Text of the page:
computationally efficient manner. As an initial stage of our work, we selected the seven Bangla vowel phonemes. We analyzed and synthesized the Bangla vowels using the widely used Daubechies family of wavelets with WT. The organization of the paper is as follows. In section 2, theory of WT, wavelets, speech waveform decomposition and reconstruction using WT is discussed. Section 3 discusses about the procurement of the experimental data. Section 4 discusses about application of the WT for Bangla phoneme analysis and synthesis. Then section 5 discusses about the result and performance evaluation of our experiment. Section 6 provides the conclusion and scope for future work.

wavelets sparse when transformed into the wavelet domain. This sparseness, in turn results in a number of useful applications such as data compression, detecting features in images and de-noising signals. Time-Frequency Resolution A major drawback of Fourier analysis is that in transforming to the frequency domain, the time domain information is lost [9]. Fig.1 shows a time-scale view for wavelet analysis. A low-scale compressed wavelet with rapidly changing details corresponds to a high frequency. A high-scale stretched wavelet that is slowly changing has a low frequency. Examples of Wavelets Fig.2 illustrates four different types of wavelet basis functions. The different families make trade-offs between how compactly the basis functions are localized in space and how smooth they are. Within each family of wavelets (such as the Daubechies family) are wavelet subclasses distinguished by the number of filter coefficients and the level of iteration. The construction of a minimum phase Daubechies wavelet is described in detail in [10,11] by Vetterli and Daubechies. To construct a minimum phase wavelet, we need a low pass filter with the frequency response Ho(z) and a high pass filter with the frequency response H 1 (z). These two functions should satisfy the following condition as given by Eq.3 [10]. H 1 (z) = H 0 (z) (3)


The fundamental idea behind wavelets is to analyse according to scale. The wavelet analysis procedure is to adopt a wavelet prototype function called an analysing wavelet or mother wavelet. Any signal can then be represented by translated and scaled versions of the mother wavelet. Wavelet analysis is capable of revealing aspects of data that other signal analysis techniques such as Fourier analysis miss aspects like trends, breakdown points, discontinuities in higher derivatives, and selfsimilarity. Furthermore, because it affords a different view of data than those presented by traditional techniques, it can compress or de-noise a signal without appreciable degradation [4]. WT can be viewed as transforming the signal from the time domain to the wavelet domain. This new domain contains more complicated basis functions called wavelets, mother wavelets or analyzing wavelets. A wavelet prototype function at a scale s and a spatial displacement u is defined by Eq.1. (1) The continuous wavelet transform (CWT) is given mathematically by Eq. 2. (2) which is the sum over all time of the signal multiplied by scaled and shifted versions of the wavelet function . The results of the CWT are many wavelet coefficients C, which are a function of scale and position. Multiplying each coefficient by the appropriately scaled and shifted wavelet yields the constituent wavelets of the original signal. The basis functions in wavelet analysis are localized in frequency making mathematical tools such as power spectra (power in a frequency interval) useful at picking out frequencies and calculating power distributions. Individual wavelet functions are localized in space. This localization feature, along with wavelets localization of frequency, makes many functions and operators using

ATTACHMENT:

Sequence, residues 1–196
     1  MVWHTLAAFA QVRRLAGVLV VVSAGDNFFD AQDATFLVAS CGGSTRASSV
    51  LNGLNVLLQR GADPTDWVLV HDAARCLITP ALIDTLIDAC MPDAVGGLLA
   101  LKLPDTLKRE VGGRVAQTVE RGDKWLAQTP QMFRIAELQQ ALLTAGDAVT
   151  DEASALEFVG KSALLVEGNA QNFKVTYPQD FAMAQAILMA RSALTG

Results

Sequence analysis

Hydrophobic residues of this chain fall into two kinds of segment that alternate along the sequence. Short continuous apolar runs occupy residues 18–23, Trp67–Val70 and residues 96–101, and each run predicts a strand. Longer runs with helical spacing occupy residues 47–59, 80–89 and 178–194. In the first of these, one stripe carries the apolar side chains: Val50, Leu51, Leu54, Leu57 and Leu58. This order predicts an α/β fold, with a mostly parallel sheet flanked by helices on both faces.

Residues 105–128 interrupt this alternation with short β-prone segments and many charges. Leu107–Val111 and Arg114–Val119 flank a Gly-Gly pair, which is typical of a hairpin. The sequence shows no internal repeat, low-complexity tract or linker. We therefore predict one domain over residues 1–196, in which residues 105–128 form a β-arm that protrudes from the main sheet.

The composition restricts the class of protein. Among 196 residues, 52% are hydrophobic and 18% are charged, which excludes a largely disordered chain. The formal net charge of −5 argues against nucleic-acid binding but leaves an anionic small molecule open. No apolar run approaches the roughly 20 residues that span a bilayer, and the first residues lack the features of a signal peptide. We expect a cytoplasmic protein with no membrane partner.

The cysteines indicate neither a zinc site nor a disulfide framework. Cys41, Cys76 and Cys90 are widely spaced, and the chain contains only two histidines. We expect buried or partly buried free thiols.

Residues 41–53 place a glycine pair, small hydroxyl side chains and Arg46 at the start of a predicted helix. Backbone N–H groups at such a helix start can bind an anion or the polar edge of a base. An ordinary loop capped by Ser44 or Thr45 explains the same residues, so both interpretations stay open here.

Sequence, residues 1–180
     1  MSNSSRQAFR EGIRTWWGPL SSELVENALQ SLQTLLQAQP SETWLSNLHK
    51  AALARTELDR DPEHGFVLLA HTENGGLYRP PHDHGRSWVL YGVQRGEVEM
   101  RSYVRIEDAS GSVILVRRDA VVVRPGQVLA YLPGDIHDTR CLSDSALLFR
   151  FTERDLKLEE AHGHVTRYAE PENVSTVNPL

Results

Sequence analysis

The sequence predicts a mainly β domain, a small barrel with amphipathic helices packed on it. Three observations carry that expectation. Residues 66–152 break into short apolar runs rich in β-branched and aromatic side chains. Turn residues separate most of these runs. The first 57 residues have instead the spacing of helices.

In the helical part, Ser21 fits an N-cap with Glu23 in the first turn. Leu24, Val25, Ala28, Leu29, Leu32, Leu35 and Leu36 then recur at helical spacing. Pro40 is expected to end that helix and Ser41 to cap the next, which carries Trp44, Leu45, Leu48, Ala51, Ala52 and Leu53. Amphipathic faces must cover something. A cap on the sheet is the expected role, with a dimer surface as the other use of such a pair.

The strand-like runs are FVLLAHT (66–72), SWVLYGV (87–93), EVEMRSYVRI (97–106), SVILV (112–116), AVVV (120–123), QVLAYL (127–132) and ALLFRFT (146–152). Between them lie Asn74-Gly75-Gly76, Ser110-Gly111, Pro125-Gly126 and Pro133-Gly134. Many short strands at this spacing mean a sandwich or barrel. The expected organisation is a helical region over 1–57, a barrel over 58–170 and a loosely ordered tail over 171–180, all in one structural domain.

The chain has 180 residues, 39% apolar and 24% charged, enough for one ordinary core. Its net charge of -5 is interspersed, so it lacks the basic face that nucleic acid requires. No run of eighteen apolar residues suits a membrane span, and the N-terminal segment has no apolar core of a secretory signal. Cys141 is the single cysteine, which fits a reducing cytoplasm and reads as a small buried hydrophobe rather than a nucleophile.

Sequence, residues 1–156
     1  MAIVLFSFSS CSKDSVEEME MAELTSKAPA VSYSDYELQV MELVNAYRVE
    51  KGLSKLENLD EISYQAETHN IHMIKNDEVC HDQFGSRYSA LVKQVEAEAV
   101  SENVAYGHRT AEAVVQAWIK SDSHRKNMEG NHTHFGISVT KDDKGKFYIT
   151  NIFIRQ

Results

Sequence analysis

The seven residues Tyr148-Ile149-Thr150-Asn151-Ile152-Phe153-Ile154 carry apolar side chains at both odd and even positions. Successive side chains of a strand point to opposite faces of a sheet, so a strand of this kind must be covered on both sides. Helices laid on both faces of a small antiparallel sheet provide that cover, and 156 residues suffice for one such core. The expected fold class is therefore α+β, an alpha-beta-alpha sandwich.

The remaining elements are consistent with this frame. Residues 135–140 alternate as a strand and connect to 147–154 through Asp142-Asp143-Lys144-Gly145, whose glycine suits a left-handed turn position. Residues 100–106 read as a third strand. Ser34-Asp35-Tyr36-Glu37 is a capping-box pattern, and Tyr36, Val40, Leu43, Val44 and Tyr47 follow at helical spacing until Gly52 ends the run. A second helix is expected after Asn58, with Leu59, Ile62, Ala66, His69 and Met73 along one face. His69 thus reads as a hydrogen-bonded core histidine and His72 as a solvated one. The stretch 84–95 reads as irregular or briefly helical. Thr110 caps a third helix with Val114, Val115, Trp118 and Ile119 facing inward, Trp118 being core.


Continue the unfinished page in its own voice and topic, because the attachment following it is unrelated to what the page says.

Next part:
The Discrete Wavelet Transform ([12,13,14,15]) The Discrete Wavelet Transform (DWT) involves choosing scales and positions based on powers of two, so called dyadic scales and positions. The mother wavelet is rescaled or dilated, by powers of two and translated by integers. Specifically, a function ( defines space of square integrable functions) can be represented as

The function (t) is known as the mother wavelet, while (t) is known as the scaling function. The set of functions where Z is the set of integers, is an orthonormal basis for L2(R). The The numbers a(L, k) are known as the approximation coefficients at scale L, while d(j,k) are known as the detail coefficients at scale j.

The approximation and detail coefficients can be expressed as given by Eq. 4 and Eq. 5: . (4) (5)

2011 Journal of Computing Press, NY, USA, ISSN 2151-9617